A conversation on bail reform: What's at stake and the data behind what's really going on

How New York’s bail reform law came to be

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ALBANY, N.Y. — Until April 2019, bail laws in New York State had not been overhauled since 1971. 

Despite all defendants being presumed innocent before being proven guilty, nearly 70% of the average 24,000 people in jails on a given day across the state in 2018 were being held pre-trial and had not been convicted of a crime. 

It lead to the mass incarceration of mainly Black, brown and low income people who could not make bail. The result was the destabilization of countless lives, exposure to violence, especially on Rikers Island, and the increased likelihood of resolving cases by taking plea deals in return for freedom or shorter sentences.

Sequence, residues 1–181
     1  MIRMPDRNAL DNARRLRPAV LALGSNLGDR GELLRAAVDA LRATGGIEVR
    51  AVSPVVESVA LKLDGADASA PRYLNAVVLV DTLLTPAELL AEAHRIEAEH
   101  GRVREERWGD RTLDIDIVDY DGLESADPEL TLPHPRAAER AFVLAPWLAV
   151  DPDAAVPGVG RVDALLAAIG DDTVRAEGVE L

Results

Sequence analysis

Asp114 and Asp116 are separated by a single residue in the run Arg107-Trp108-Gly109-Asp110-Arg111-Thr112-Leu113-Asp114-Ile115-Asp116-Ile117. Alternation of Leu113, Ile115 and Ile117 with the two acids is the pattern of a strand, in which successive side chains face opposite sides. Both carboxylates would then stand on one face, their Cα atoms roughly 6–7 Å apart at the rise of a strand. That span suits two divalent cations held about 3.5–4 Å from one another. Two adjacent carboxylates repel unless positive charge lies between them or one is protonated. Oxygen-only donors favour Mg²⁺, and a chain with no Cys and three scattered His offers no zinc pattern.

The bail reform law aimed to address the disparities, but received strong pushback from its inception. It was implemented on January 1, 2020 — just months before the COVID pandemic created a state of emergency. 

By the summer, violent crimes increased in New York City as law enforcement, politicians and critics linked the spikes to bail reform laws. However, researchers and criminologists have yet to definitively make the correlation.

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